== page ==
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7.1.1 Differentiable manifolds

We say that is a -dimensional differentiable manifold embedded in , or simply a manifold, if it is given by

 (7.1)

where , are functions from to such that the gradient vectors , are linearly independent for each . This is actually not a new object for us: it is just a -dimensional surface in already considered in Section 1.2.2 and later in the formulation of the Basic Variable-Endpoint Control Problem in Chapter 4. The linear independence assumption imposed on the gradients means, in the terminology of Section 1.2.2, that all points of are regular.

Intuitively speaking, a -dimensional manifold is a subset of that locally looks like" . This idea can be made precise by equipping with local coordinates, as follows. Fix an arbitrary . Since by assumption the (nonsquare) Jacobian matrix

is of rank , it has linearly independent columns; shuffling the variables if necessary, we can assume that these are the last columns. Using the Implicit Function Theorem, we can then solve the equations in (7.1) for the variables in terms of in some neighborhood of . Consequently, the components can be used to describe points in near , i.e., they provide a local coordinate chart for . A simple example of a 1-dimensional manifold in is the unit circle, for which we invite the reader to work out the above construction.

The standard definition of a manifold is actually stated in terms of the existence of local coordinate charts satisfying suitable compatibility conditions, without any explicit reference to the ambient space . However, it is known that every manifold defined in this way can be embedded in for some large enough. The above more concrete notion of an embedded manifold is sufficient for our purposes, but the concept of local coordinates will be useful for us as well. Basically, we have the choice of representing points in as -vectors or locally as -vectors (cf. the discussion of holonomic constraints in Section 2.5.2).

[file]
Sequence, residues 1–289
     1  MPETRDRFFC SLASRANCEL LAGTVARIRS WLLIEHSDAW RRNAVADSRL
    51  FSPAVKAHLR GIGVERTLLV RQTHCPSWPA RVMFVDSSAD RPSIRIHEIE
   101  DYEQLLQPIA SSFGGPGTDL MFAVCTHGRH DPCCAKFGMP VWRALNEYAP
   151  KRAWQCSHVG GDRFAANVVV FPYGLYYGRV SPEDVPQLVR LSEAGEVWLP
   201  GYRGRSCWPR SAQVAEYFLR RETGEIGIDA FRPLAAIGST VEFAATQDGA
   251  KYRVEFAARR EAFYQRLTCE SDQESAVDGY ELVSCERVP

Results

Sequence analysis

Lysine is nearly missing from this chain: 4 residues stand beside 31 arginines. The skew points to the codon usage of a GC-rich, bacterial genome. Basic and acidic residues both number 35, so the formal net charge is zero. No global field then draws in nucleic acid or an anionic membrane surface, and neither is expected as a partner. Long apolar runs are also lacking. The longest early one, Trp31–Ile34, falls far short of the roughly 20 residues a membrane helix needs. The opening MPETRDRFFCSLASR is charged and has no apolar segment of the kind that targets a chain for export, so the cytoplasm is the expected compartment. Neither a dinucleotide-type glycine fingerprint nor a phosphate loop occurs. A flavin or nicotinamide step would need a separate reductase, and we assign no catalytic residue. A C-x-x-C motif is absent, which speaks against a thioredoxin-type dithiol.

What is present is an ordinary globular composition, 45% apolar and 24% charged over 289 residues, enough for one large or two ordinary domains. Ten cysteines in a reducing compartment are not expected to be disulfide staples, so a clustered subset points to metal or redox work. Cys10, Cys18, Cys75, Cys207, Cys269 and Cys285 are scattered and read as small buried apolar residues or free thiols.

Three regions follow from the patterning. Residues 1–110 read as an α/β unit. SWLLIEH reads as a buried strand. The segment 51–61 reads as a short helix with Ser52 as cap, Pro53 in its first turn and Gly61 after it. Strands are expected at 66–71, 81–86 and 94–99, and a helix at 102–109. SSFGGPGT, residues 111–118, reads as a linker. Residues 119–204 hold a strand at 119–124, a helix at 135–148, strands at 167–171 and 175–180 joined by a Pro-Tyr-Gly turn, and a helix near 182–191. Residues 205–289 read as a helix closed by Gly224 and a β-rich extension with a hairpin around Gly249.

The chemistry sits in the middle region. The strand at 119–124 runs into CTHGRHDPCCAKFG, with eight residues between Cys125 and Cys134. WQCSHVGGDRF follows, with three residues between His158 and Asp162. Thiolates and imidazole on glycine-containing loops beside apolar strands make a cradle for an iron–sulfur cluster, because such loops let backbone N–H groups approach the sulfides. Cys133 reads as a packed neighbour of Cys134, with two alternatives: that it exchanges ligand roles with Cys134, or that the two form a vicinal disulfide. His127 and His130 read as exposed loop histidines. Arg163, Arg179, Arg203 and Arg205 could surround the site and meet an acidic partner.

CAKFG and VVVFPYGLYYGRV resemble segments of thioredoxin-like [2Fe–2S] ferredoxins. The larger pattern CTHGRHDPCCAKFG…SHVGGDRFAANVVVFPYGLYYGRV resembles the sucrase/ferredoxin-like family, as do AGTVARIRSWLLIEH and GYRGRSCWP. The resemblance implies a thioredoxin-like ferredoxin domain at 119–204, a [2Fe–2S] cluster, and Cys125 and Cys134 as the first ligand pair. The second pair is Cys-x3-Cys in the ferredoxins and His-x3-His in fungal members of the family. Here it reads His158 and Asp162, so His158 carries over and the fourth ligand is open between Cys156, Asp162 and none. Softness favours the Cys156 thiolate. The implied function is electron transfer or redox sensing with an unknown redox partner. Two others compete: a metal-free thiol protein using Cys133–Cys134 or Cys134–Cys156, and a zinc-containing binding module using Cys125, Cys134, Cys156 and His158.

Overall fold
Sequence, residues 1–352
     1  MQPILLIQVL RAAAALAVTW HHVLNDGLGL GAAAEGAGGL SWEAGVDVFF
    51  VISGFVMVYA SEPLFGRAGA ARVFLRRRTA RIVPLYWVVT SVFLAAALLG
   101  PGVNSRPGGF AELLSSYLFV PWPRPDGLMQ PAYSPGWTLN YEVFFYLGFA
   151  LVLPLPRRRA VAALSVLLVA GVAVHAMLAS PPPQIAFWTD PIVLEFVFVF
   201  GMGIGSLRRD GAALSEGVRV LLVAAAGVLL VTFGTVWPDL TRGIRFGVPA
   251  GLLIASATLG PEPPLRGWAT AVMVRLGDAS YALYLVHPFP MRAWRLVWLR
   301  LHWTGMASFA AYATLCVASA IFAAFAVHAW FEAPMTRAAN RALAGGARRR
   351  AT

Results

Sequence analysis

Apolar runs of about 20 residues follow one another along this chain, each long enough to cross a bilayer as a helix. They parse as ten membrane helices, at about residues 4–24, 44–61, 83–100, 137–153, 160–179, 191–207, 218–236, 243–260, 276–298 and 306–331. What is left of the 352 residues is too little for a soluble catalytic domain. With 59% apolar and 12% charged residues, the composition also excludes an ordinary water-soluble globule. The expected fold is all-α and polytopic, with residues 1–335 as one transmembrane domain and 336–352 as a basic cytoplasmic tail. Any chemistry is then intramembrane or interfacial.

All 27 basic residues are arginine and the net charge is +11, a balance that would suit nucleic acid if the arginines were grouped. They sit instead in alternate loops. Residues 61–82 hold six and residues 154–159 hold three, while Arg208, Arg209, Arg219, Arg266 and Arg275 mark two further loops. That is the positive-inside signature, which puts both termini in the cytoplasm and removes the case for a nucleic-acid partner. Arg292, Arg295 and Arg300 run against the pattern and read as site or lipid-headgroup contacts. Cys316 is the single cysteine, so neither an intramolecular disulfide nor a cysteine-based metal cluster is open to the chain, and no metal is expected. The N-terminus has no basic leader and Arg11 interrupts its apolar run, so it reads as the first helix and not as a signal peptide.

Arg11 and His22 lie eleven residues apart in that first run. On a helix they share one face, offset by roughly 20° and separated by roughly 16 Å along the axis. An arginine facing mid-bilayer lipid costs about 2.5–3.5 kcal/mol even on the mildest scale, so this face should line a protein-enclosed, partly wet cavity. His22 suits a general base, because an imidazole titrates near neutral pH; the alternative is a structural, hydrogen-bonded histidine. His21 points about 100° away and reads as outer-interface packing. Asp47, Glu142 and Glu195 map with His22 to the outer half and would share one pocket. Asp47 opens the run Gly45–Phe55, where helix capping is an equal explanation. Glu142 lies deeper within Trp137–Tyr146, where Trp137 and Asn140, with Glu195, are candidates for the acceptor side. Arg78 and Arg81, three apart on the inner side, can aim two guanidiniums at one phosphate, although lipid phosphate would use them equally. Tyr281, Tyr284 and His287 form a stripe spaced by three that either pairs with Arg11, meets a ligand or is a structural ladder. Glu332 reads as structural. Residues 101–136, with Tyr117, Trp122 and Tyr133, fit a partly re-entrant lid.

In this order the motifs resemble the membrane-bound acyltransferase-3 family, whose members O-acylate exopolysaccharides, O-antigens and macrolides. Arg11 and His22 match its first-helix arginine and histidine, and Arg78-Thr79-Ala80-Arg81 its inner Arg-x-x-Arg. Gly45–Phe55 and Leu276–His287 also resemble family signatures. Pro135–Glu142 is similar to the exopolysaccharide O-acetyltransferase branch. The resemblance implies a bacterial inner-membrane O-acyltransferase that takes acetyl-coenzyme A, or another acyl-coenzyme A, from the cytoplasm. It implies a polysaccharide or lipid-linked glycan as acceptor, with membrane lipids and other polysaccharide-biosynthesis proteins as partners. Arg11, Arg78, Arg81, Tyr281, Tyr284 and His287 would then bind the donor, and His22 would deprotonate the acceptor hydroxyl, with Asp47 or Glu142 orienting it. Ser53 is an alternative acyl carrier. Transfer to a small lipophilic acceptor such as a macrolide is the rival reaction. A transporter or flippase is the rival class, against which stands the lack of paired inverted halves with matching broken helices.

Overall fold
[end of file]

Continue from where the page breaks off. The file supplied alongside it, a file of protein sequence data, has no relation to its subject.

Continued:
Let be a -dimensional manifold. We know that at each point we can define the tangent space (see page ). This is a -dimensional linear vector space, spanned by the tangent vectors associated with all possible curves in passing through . Recall that for a curve lying in , with , the corresponding tangent vector is . In local coordinates, if the curve has components then the components of the tangent vector are . It is also useful to consider the union

which is called the tangent bundle of . This is a manifold of dimension . We note that in general, is not globally diffeomorphic to the direct product (well-known counterexamples are obtained by taking to be the two-dimensional sphere or the Mobius band). It is convenient to think of vector fields on as sections of the tangent bundle, i.e., functions such that for all .

Given a point on a manifold , the linear vector space of linear -valued functions on is called the cotangent space to at , and is denoted by . This is the dual space7.1 to ; its elements are called cotangent vectors, or simply covectors. The simplest example of a covector is the differential of a function. Let be a function. For each , the linear function is defined as follows. Given a tangent vector and an arbitrary curve in with having as its tangent vector (so that ), let

In local coordinates this is given by , which clearly does not depend on the choice of a specific curve . The map assigns to each tangent vector the derivative of in the direction of . If are local coordinates on , then the corresponding differentials form a basis for and hence yield local coordinates on the cotangent space. For a tangent vector , the numbers give the components of . One also defines the cotangent bundle

which is itself a manifold, of dimension . Combining local coordinates on with local coordinates on relative to the basis given by , one obtains local coordinates on the cotangent bundle known as canonical coordinates.

Next: 7.1.2 Re-interpreting the maximum Up: 7.1 Maximum principle on Previous: 7.1 Maximum principle on   Contents   Index
Daniel 2010-12-20